Although the SCA Adapter so far described makes use of five commonly available npn silicon transistors, germanium or pnp transistors can be substituted. Merely change the polarities or values of a few components. The changes that must be made for transistor substitutions are given in the table on the next page.

Construction. The circuit of the SCA Adapter is really very simple, lending itself to just about any type of chassis construction you prefer. While the photos show the original prototype assembled on a double-row solder-terminal tag strip, which is essentially point-to-point wiring, a printed circuit board layout would have been just as appropriate for assembly.

The circuit can be assembled in any enclosure you choose. A 5" X 2 1/4" X 2 1/4" aluminum utility box was used for the prototype, with J1 and J2 mounted at opposite ends of the top surface. Threshold control R12 was also mounted to the top, while to one side is located a screw-type barrier block for bringing in the 6.3 volts a.c. for the power supply circuit.

Transistors can be installed in sockets or soldered directly to lugs - RF Cafe

Transistors can be installed in sockets or soldered directly to lugs. Locate a.c. filter capacitors on underside of terminal board and the barrier block at end of box.

Printed circuit board or multi-lug terminal strips could be used - RF Cafe

Although a printed circuit board or multi-lug terminal strips could be used, wiring is just as simple with a parallel-row terminal board having 13 solder lugs per row as shown here.

Installation and Use. To operate properly, the SCA adapter must be electrically connected to your receiver. This is a simple process that can be performed in a couple of minutes.

Before digging into your receiver (or tuner), carefully study its schematic diagram to locate the detector stage and resistor/capacitor de-emphasis network. Then, study the receiver layout to locate the point indicated in Fig. 2. You will notice that the SCA Adapter's input must be connected to a point between the detector output and the de-emphasis network. If the connection is made after the de-emphasis network, no SCA signal will pass through!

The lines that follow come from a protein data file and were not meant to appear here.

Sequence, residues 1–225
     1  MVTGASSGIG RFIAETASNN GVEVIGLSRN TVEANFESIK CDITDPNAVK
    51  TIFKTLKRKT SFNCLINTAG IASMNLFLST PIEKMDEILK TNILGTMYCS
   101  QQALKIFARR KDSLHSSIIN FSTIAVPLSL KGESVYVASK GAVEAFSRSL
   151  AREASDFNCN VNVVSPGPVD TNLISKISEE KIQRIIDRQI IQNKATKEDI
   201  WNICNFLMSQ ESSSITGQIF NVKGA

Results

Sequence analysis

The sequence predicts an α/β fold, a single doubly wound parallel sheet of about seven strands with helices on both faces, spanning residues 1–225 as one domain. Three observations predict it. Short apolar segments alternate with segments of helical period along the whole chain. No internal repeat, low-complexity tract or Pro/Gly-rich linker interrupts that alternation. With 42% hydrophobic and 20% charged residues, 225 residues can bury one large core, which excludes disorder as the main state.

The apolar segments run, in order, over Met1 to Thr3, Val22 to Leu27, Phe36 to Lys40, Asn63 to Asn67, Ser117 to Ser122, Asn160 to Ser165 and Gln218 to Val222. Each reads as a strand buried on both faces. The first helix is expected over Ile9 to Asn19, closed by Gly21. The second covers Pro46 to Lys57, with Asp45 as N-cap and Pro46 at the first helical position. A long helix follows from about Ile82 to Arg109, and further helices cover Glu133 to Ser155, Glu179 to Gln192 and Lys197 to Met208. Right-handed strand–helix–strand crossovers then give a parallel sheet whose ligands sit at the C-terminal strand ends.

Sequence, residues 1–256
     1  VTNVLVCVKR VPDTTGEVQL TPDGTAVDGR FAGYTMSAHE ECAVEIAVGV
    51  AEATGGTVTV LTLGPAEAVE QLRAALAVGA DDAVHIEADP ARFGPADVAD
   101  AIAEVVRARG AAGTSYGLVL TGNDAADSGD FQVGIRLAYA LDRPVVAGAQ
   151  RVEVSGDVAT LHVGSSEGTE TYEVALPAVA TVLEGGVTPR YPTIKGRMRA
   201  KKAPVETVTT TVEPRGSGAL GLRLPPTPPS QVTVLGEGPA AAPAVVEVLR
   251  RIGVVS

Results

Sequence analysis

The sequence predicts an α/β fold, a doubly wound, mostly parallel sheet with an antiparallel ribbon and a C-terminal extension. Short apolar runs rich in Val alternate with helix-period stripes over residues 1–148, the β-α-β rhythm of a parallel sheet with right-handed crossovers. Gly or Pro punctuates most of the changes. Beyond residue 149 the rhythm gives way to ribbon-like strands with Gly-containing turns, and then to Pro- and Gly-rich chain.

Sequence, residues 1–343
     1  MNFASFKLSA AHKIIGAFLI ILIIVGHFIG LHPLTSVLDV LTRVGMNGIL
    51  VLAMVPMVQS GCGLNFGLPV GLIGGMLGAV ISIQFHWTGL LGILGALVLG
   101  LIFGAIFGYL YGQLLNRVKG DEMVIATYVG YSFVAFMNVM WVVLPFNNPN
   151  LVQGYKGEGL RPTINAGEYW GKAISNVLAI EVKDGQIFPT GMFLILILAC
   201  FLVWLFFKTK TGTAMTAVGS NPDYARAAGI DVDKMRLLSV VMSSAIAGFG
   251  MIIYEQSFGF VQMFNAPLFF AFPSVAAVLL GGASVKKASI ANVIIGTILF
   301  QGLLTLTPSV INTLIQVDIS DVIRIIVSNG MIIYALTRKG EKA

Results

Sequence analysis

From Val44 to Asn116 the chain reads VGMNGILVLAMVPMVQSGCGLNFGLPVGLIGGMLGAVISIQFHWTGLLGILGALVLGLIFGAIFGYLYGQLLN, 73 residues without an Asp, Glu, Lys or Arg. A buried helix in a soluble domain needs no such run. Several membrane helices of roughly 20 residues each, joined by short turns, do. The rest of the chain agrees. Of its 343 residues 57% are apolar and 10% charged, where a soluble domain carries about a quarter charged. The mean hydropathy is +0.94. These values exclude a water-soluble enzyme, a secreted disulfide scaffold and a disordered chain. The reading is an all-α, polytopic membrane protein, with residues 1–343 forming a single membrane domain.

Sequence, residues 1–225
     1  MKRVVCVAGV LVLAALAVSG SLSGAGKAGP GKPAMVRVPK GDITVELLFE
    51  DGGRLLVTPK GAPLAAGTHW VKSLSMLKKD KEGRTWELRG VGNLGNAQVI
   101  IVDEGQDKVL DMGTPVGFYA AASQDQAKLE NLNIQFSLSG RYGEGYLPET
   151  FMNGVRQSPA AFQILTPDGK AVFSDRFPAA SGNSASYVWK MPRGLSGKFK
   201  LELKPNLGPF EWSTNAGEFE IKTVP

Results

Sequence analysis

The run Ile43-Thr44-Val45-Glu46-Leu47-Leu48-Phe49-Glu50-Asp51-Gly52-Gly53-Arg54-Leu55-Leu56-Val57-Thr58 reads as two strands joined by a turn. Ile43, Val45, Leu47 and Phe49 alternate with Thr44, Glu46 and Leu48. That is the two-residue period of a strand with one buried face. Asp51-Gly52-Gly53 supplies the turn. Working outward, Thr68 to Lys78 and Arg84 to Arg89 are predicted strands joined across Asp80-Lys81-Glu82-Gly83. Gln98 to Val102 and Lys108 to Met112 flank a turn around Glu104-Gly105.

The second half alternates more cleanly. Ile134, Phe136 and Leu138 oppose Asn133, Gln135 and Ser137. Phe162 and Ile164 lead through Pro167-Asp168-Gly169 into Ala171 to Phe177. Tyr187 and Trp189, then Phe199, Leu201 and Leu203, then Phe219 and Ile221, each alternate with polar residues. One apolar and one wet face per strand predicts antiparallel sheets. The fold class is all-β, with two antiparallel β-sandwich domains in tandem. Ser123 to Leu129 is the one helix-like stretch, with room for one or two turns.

The filter (SCA Adapter) was designed to operate most efficiently with a 3000-ohm load. So, it may be necessary to couple the adapter to the receiver circuit via an isolation resistor with a value of a few thousand ohms, depending on your particular receiver.

Now, connect a twisted-pair cable between the 6.3-volt a.c. winding on your receiver's power transformer and the screw-type barrier block on the adapter. If 6.3 volts a.c. is not available from your receiver, use a separate 6.3-volt filament transformer. Then connect a shielded audio cable from the adapter's output jack to the auxiliary (AUX) input jack on the rear apron of your receiver.

Turn on and tune the receiver to a local FM station known to be broadcasting SCA program material. Set the receiver's source switch to AUX and function switch to MONO, and adjust threshold for the clearest audio. (Note: in some receivers, when the source switch is moved out of the TUNER or FM position, the power is disconnected from the tuner. In this case, connecting the output of the adapter to the receiver's AUX in­put will not work - a separate amplifier will be required unless you can figure a way of restoring power to the tuner when the source switch is in the AUX position.

Tuning across the dial, you may find that several SCA programs are available. This is true especially in the large cities where different types of background music are required by the subscribers. So much the better for your choice of programs.

A Note About the Law

There is no FCC Regulation that prohibits the reception of Subsidiary Communications Authorization broadcasts for private home entertainment purposes. However, there are regulations that do prohibit the use of SCA programs to promote business (or any other reason) by commercial establishments unless such businesses are authorized subscribers and use only the SCA channel to which they subscribe.

Subsidiary Communications Authorization (SCA) Adapter Schematic - RF Cafe
Simple Subsidiary Communications Authorization (SCA) Adapter Schematic

Fig. 1 - Adapter circuit is almost a complete unit. All that is needed to make it totally independent is to connect a 6.3-volt, 1-ampere filament transformer, power switch, and a.c. line cord at upper right.



Posted July 19, 2017